Saturday, 24 November 2012

National Tree Week

No, not National Family Tree Week - this is a week, starting today, marking the start of a new season for planting real trees. There are however good reasons for writing about this event in a family history blog, reasons which go beyond the similarities between family tree diagrams and the patterns of real-life roots and branches (patterns mirrored here in this detail from a close-up photograph of a backlit birch leaf).

Today, surrounded as we are by brick, concrete, metals and plastic, it is difficult for us to fully appreciate just how much trees meant to our ancestors. Yet our forebears would have found it difficult to live without trees: and I would argue that even in this modern, technological age, we too need trees, almost as much as those who went before us.

For many hundreds of years trees have provided raw materials not only for the construction of our homes, but also for making the furniture within them, many household utensils, the clogs on our feet, the leather (tanned with tree bark) from which shoes, clothing and other items were crafted, and dyes used to add colour to cloth.

An Autumnal oak beside a Shropshire lane.

Coppicing generated many more stems or trunks to harvest.
Trees were a source of fuel for the fires we needed for warmth and for cooking, and a source of wood for hurdles and fences; tubs and barrels; spears, bows, and arrow shafts; handles for knives and axes; wagons, carts and their wheels; bridges; yokes; moulds for glass-making; brooms; spinning wheels; printing blocks; and many more essentials from cradles to coffins. Smoke from burning wood was used to cure fish, while charcoal was used to smelt metals.

When we took to the water, trees provided us with our rafts, canoes, boats, the oars with which to power and steer them, and eventually our ships: vessels which brought new food supplies, and in time new lands and their raw materials, within our reach. It took over 2,000 oak trees just to make HMS Victory - imagine how many millions of trees were used to build the fleets of ships which defended us from seaborne attacks. No wonder our ancestors sang about hearts of oak.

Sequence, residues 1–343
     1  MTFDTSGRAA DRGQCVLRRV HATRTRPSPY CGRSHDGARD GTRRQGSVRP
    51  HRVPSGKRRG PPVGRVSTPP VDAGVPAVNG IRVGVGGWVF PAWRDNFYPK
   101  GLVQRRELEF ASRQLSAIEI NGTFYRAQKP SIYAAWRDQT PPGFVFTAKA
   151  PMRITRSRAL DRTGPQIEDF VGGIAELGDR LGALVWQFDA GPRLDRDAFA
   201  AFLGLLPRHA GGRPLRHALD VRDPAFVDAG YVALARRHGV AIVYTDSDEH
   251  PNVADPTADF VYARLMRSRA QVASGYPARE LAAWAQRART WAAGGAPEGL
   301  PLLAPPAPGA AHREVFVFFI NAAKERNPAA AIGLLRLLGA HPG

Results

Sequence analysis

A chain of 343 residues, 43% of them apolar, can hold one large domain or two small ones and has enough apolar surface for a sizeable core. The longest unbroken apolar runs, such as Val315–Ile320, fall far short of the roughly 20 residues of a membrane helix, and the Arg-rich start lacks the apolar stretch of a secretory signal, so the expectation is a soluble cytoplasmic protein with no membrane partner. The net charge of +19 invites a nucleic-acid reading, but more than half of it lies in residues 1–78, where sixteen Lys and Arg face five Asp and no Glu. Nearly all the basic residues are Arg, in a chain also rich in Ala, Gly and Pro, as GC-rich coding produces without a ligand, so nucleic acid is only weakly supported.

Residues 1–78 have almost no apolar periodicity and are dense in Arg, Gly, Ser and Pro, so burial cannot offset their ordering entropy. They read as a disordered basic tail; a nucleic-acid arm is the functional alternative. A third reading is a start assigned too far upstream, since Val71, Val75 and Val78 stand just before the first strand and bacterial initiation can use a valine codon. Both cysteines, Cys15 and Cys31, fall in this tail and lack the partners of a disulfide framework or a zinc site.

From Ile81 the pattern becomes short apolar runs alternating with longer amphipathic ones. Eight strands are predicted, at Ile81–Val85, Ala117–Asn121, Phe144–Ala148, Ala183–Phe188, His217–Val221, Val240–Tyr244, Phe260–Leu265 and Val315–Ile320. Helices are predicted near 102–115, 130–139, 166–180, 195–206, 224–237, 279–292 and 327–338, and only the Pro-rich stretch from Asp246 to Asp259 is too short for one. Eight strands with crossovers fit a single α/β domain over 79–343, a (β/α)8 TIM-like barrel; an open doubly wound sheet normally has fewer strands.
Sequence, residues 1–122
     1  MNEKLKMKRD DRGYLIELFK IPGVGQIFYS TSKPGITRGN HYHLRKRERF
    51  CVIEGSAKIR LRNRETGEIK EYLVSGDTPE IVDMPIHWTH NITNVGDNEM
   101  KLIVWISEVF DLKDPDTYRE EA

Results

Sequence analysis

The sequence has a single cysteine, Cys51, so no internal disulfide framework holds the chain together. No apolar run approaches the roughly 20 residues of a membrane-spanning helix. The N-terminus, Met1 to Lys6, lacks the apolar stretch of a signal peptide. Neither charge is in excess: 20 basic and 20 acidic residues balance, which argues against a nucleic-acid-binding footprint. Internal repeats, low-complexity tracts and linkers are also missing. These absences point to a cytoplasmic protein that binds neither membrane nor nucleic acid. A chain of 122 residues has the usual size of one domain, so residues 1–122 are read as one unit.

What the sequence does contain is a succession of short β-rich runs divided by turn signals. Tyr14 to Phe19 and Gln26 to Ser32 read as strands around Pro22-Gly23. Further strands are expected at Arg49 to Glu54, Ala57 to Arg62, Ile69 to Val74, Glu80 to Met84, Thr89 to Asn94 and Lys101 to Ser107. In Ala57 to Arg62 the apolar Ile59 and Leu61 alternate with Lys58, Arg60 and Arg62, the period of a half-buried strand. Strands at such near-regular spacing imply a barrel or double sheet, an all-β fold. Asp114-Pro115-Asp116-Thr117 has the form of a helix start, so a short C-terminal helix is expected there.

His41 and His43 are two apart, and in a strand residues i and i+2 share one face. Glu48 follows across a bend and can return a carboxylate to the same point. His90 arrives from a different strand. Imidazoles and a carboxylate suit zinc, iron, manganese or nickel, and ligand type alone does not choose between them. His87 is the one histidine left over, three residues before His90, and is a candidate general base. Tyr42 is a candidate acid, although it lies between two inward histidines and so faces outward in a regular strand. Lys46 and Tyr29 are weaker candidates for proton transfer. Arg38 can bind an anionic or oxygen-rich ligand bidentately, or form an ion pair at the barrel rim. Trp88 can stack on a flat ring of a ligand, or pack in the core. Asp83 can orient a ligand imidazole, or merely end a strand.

Trees also gave us fruits, berries and nuts - apples, pears, elder flowers and berries, sloes, plums, juniper berries, haws, cherries, acorns, chestnuts, and hazelnuts - which were (and in most cases still are) used for food, or for making drinks, or both.

Trees not only provided food and drink for us, they fed our livestock too. People with the right of pannage, for example, were able to release their pigs into their local woods to fatten up on acorns and beech mast (shown above) in the Autumn. This custom continues today in the New Forest in Hampshire.

It is perhaps not surprising that trees were the stuff of folklore and legend as well as being sources of vital raw materials. Yew trees have an association with churchyards which goes back to time immemorial, and it is said that at least 500 such churches are younger than the yews growing alongside them. Rowan trees were thought by many to give protection from witches. Legends of old tell how the sweeping branches of a riverside willow saved a litter of kittens from drowning; each spring from that time on the trees were  adorned with furry catkins - hence the name pussy willow. (Picture above)

Over the centuries, people have brought many new trees to Britain, some for practical purposes and others as ornamental trees. In the latter category, horse chestnuts were introduced in the late 16th Century; the photo above shows leaves and flower bursting from the characteristic 'sticky bud' in early Spring.

Another species imported from much further afield is the monkey puzzle tree, also known as the Chilean pine. Although the tree is an evergreen and does indeed come from Chile, it is not a pine.

The Cedar of Lebanon, once common in its native Middle East, is a popular specimen tree in UK parks. The one pictured above can be seen at Fawsley Park in Northamptonshire, which was landscaped by 'Capability' Brown.

Falling into the 'utility' category of tree imports are various species of conifers, fast-growing and ideal for timber production. The planting of large swathes of our uplands with these trees has been decried by many, the forests so formed generally regarded as dark and largely lifeless 'blots on the landscape.' These days more thought tends to go into the creation and management such plantations, making them visually less intrusive and more wildlife-friendly.